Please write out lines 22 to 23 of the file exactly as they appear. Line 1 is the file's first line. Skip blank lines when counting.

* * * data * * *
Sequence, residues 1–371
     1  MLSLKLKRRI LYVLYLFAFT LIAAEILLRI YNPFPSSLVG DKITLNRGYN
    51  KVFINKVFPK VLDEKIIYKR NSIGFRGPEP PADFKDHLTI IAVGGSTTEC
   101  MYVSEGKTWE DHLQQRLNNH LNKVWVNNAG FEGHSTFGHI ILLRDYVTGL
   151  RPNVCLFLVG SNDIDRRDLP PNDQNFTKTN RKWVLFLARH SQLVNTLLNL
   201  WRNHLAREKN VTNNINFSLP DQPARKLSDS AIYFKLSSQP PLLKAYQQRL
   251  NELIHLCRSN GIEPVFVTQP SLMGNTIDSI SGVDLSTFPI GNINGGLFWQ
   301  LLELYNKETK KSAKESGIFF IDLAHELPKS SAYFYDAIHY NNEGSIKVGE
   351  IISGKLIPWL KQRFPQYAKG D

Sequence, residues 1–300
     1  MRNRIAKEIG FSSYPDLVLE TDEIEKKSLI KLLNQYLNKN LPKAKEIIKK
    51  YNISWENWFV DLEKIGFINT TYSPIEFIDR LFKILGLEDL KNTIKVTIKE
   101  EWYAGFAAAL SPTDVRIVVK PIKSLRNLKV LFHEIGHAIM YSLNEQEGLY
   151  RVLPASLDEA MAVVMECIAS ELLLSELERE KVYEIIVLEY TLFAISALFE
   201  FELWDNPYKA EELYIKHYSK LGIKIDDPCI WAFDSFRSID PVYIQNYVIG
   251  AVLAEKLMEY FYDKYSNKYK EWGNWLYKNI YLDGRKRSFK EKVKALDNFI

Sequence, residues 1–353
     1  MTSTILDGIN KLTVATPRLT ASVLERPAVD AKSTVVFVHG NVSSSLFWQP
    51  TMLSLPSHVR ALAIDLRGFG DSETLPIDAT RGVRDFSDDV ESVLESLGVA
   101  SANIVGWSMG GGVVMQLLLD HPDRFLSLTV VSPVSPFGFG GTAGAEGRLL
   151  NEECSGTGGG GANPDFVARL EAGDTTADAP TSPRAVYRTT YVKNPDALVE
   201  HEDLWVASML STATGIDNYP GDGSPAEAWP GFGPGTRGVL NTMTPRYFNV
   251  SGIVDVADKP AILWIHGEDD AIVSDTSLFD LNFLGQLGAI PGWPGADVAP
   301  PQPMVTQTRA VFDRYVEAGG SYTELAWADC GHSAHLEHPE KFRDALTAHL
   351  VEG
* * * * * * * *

   201  HEDLWVASML STATGIDNYP GDGSPAEAWP GFGPGTRGVL NTMTPRYFNV
   251  SGIVDVADKP AILWIHGEDD AIVSDTSLFD LNFLGQLGAI PGWPGADVAP